Stop me if you’ve heard this before, The Minnesota Wild is a center away from making a deep playoff game. Not sure about you, but it’s anxious to know what happened the last time they were in the situation. Yes, the world famous Martin Hanzal trade. What did it get Wild? 13 points in 20 games and a quick five-game exit in the first round. The Wild finds itself in a position to strike again this year. But this time, rumor has it that the actual superstar Claude Giroux may be at stake at the trade deadline.
Giroux has been with the Philadelphia Flyers since they named him 22nd overall in 2006. Although it took a few years for Giroux to gain a foothold in the NHL, he has been a constant contributor to the Flyers every year. Since his name is out there, it’s hard not to wonder what he would bring to Wild.
Giroux’s leadership has grown during his years in Philadelphia, and he eventually became team captain in 2013. Giroux had the pleasure of playing with Mike Richards and Chris Pronger, who are cup winners, where Pronger is a Hall of Famer. That experience had to affect his ability to get through to teammates.
Some fans may be hesitant to hire a high-status veteran after what happened to the former leadership team. But the leaders of this wild team have a different mentality than those of recent times. Giroux entering this locker room would bring an extra, valuable voice that brings playoff experience. And perhaps more importantly, playoff production. He has scored 73 points in 85 career games since the season. Jason Pominville could never.
Giroux brings another thing that Wild has missed since Mikko Koivu and Eric Staal traveled: one that can win critical faceoffs. Since the 2017-18 season, Giroux has won at least 58% of the faceoffs he has taken. The only regular Wild center over 50% is Nico Sturm. That persistence in the faceoff circle could help Wild’s powerplay, making it even more of a threat as the playoffs approach.
His pass-first mentality would fit into the current composition of the Wild list. Theoretically, Giroux would go in between Kirill Kaprizov and Mats Zuccarello. Ask Jakub Voracek, Wayne Simmonds, James van Riemsdyk and Travis Konecny what Giroux can do with talented wingers. Kaprizov has scored 40 points through 32 games this year with a revolving door of centers playing with him. Bringing Giroux into the fold would give Kaprizov a true top-line center that could potentially take some of the pressure off Kirill to create play and focus a little more on scoring.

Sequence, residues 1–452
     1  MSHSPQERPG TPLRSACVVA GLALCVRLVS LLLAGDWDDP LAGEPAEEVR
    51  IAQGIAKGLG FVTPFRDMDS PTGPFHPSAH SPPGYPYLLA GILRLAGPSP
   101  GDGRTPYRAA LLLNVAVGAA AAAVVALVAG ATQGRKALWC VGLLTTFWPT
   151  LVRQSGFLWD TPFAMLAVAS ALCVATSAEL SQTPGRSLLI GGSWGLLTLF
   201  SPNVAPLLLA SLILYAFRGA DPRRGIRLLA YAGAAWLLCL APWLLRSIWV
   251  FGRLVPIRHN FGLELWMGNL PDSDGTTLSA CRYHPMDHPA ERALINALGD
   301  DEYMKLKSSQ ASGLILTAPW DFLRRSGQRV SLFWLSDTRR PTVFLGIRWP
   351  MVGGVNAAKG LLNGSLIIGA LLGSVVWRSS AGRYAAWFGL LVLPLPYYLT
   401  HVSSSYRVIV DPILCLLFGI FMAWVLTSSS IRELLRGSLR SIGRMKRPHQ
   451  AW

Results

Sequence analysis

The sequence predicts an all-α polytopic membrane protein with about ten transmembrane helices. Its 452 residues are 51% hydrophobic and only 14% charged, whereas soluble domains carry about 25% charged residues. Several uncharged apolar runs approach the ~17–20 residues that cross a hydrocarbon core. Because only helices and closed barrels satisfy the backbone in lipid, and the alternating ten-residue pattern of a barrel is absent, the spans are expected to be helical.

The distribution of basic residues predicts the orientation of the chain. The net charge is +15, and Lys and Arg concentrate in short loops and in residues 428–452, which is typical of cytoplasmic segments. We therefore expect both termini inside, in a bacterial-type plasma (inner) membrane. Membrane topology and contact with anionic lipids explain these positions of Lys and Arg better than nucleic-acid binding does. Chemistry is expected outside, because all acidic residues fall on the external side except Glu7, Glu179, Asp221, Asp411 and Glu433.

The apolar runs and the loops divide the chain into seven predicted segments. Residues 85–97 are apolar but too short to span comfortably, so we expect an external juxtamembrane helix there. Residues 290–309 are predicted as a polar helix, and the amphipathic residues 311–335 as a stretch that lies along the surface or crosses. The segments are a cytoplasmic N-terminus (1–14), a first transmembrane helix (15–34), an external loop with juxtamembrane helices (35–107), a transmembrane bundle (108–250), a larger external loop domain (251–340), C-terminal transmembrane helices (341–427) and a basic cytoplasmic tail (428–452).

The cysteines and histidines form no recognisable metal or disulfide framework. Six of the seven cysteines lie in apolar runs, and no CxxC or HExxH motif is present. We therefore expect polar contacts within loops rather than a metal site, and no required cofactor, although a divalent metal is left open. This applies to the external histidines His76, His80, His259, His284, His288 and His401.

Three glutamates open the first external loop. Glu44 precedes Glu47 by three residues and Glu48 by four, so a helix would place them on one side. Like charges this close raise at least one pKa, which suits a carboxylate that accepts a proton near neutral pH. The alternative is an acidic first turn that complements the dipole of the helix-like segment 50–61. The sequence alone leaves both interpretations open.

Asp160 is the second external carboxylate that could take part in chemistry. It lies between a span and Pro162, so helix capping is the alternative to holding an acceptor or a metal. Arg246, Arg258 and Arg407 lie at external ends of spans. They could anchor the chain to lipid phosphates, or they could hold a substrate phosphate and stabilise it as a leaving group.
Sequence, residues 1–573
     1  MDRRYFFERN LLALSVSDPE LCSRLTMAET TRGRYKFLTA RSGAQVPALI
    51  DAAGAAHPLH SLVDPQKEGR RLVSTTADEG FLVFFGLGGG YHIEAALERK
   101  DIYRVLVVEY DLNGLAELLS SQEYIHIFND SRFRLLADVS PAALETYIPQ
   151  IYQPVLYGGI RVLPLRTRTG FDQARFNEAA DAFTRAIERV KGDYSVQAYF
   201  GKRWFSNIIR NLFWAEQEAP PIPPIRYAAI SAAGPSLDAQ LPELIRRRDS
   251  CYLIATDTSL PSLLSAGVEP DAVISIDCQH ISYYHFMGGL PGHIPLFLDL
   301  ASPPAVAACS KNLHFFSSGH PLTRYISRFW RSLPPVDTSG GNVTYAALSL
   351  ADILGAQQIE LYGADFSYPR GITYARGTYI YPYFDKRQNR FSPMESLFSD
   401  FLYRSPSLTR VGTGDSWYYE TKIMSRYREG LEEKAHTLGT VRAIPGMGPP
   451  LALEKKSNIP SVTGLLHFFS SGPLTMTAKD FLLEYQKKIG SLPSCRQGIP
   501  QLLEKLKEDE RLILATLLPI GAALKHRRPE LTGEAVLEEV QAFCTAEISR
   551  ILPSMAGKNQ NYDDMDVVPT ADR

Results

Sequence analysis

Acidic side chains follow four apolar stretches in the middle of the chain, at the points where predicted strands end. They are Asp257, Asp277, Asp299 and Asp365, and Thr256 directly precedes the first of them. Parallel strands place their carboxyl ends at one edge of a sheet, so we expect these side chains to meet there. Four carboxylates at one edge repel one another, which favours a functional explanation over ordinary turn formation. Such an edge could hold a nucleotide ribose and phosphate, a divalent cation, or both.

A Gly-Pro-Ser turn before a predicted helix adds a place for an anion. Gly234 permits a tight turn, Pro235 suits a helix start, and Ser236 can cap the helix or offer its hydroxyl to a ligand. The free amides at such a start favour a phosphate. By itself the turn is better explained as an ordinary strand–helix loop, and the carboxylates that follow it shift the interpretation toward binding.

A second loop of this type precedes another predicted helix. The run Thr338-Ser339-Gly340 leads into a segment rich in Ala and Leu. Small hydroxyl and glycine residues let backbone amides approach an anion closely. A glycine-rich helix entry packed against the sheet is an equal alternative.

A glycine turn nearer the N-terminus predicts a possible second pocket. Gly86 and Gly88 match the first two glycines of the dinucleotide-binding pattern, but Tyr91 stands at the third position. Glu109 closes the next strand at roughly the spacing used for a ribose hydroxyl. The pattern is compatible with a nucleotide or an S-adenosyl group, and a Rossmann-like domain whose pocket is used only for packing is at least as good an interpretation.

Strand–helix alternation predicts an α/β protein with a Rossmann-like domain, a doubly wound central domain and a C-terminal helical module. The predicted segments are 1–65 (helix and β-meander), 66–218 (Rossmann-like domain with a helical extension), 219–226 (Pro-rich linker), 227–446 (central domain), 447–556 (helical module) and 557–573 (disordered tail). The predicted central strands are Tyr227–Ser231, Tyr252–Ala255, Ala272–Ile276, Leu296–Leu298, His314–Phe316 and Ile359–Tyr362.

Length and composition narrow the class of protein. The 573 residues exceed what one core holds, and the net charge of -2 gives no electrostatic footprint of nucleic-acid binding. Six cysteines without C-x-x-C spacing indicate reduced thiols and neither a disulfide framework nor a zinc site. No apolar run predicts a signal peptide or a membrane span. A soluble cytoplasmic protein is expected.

So Giroux would help. But what would it cost to bring him to Minnesota? Giroux has a No Movement clause and should be involved in coming to Wild. The Wild has the ability for a team that can go deep into the playoffs and make some noise on the way to the cup finals. Why would Giroux not see this as a great opportunity? The Wild have a solid defensive group when they are healthy. They have skilled goal scorers in Kaprizov, Kevin Fiala, and Marcus Foligno, who surprisingly are level with Kaprizov as number two on the team with 14 goals. And Minnesota has a better goalie tandem that Giroux played up front in Philly.
What would Wild be willing to give up when it comes to compensation? Trading with Giroux would be a lease exclusively for Wild. With the cap position the team faces after this year, Minnesota probably would not be able to afford Giroux in the future. But this is their chance to make it to the Cup right now, and they can prove it by going all-in on Giroux.
However, I do not think I see Wild giving up much more than a 1st round pick and a B-level prospect for Giroux. Prices were down by last year’s deadline, and as big as Giroux is, teams are not so willing to give up big prices for two months.
Giroux is the ultimate win-now move that Wild should consider making this year. This move shows the locker room and the fans that the front office is serious about running at the Stanley Cup while it can. We are not talking about a Hanzal situation. If Giroux is coming to Minnesota, feel free to think twice about booking tickets everywhere except for the parade down Kellogg Boulevard in June.